Judge Questions Testimony of Witness Backing Ecclestone ClaimsKarin Matussek
A German judge overseeing Bernie Ecclestone’s criminal trial questioned the testimony of a lawyer who backed the Formula One chief’s argument that a $44 million payment was an effort to prevent troubles with U.K. tax authorities rather than a bribe.
Frederique Flournoy, a Swiss lawyer and director of Bambino Holding Ltd., a trust company set up for Ecclestone’s ex-wife in 1997 after their divorce, told the Munich court today that Bambino agreed to pay the money to Gerhard Gribkowsky under a consulting agreement to make sure he wouldn’t contact British tax authorities.
“Gribkowsky made the insinuation that Bambino and Mr. Ecclestone were the same person,” Flournoy said. “Gribkowsky could have gone to the HMRC which would have prompted them to rebound the investigation or issue a tax bill against whoever based on him as a witness. On the other hand, we didn’t really know what he knew.”
Ecclestone is on trial on charges he bribed Gribkowsky, the former chief risk officer of Bayerische Landesbank, to ensure he wouldn’t oppose a sale of the lender’s stake to CVC Capital Partners Ltd. Gribkowsky, who managed BayernLB’s interest in Formula One before the sale, was convicted in 2012 of accepting bribes and sentenced to 8 1/2 years in prison.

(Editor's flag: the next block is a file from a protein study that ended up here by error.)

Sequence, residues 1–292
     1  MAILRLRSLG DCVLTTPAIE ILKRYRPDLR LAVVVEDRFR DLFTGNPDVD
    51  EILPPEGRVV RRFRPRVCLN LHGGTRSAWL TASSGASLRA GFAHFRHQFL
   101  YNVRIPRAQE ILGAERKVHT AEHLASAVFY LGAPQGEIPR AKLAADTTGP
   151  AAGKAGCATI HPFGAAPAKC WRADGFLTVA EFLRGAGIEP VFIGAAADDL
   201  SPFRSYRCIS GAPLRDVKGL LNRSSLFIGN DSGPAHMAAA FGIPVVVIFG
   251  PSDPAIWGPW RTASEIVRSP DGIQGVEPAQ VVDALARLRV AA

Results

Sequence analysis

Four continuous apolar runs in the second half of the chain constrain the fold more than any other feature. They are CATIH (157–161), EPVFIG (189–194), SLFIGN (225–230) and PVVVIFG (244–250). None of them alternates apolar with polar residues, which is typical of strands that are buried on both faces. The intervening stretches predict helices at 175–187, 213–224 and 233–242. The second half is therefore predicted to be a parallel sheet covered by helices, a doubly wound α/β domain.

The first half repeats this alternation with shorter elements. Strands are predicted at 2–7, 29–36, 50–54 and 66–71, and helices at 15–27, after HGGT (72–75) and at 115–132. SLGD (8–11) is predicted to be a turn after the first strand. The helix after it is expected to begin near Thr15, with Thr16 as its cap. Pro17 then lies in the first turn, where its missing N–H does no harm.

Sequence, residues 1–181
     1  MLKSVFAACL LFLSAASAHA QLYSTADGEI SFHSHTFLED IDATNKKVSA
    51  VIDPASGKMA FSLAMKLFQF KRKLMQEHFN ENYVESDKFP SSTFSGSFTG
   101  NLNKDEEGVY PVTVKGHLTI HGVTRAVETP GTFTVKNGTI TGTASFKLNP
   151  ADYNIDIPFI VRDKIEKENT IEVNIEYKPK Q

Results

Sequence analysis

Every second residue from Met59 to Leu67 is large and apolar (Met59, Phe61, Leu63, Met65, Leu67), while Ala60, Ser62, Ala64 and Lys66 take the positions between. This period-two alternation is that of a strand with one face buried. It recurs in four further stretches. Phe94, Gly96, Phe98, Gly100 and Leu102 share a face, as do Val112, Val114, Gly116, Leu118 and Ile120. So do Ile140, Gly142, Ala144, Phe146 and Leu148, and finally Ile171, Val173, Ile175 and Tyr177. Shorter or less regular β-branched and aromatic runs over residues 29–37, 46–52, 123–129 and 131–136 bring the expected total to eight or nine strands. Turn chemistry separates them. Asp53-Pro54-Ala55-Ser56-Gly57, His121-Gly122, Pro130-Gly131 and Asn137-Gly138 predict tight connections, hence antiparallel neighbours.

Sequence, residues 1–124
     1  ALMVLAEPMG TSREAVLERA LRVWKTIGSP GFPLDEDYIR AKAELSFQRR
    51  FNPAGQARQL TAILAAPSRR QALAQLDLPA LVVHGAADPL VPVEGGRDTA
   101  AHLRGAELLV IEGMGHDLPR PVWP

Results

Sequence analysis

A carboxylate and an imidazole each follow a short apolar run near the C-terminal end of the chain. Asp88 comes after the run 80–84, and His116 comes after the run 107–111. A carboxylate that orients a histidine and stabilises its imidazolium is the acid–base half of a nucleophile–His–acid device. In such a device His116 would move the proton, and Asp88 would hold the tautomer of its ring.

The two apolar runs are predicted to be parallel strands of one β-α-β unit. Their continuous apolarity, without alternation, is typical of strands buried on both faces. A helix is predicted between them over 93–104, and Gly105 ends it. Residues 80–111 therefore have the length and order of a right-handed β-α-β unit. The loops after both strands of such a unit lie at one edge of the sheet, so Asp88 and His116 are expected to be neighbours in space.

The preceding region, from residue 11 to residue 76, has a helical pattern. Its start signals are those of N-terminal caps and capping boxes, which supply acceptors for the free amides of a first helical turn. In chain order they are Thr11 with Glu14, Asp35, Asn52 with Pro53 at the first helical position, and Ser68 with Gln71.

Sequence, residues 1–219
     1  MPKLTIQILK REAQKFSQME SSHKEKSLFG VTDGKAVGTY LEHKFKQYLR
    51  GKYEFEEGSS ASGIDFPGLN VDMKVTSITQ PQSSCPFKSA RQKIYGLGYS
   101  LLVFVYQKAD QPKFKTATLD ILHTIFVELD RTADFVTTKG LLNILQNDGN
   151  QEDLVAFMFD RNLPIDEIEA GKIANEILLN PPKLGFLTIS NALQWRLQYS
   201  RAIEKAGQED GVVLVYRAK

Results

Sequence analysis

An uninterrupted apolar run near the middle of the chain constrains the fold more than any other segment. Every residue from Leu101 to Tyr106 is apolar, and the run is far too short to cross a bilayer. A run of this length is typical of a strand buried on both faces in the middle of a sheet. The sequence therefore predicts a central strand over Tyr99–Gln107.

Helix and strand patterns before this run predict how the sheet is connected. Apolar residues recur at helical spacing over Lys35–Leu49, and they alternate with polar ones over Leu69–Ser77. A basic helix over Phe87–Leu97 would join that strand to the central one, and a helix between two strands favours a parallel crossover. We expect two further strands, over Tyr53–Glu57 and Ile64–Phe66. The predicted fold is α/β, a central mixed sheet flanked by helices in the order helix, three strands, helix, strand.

Ecclestone, the chief executive officer of the Formula One racing series, had nothing to do with Bambino and there was no reason to think any of its tax arrangements were improper, Flournoy told Presiding Judge Peter Noll.
Difficult to Comprehend
“In that case, I still find it very difficult to comprehend what damage could have been caused by Gribkowsky,” Noll said.
If Ecclestone’s role in establishing the trust was completed in 1997, and Gribkowsky only came to BayernLB in 2003, what was anyone afraid of, the judge asked.
“If you use a structure to maximize the tax position under tax legislation, you hope what you have done is correct and you hope the tax authorities also interpret it this way,” Flournoy replied. “But you can never be sure what the interpretation will be in the end.”
U.K. tax collectors have “extreme powers,” she said. If they issue a tax bill, it reverses the burden of proof and Bambino would have had to show nothing is wrong.
“We as lawyers know how difficult it is to prove that something isn’t the case,” she said.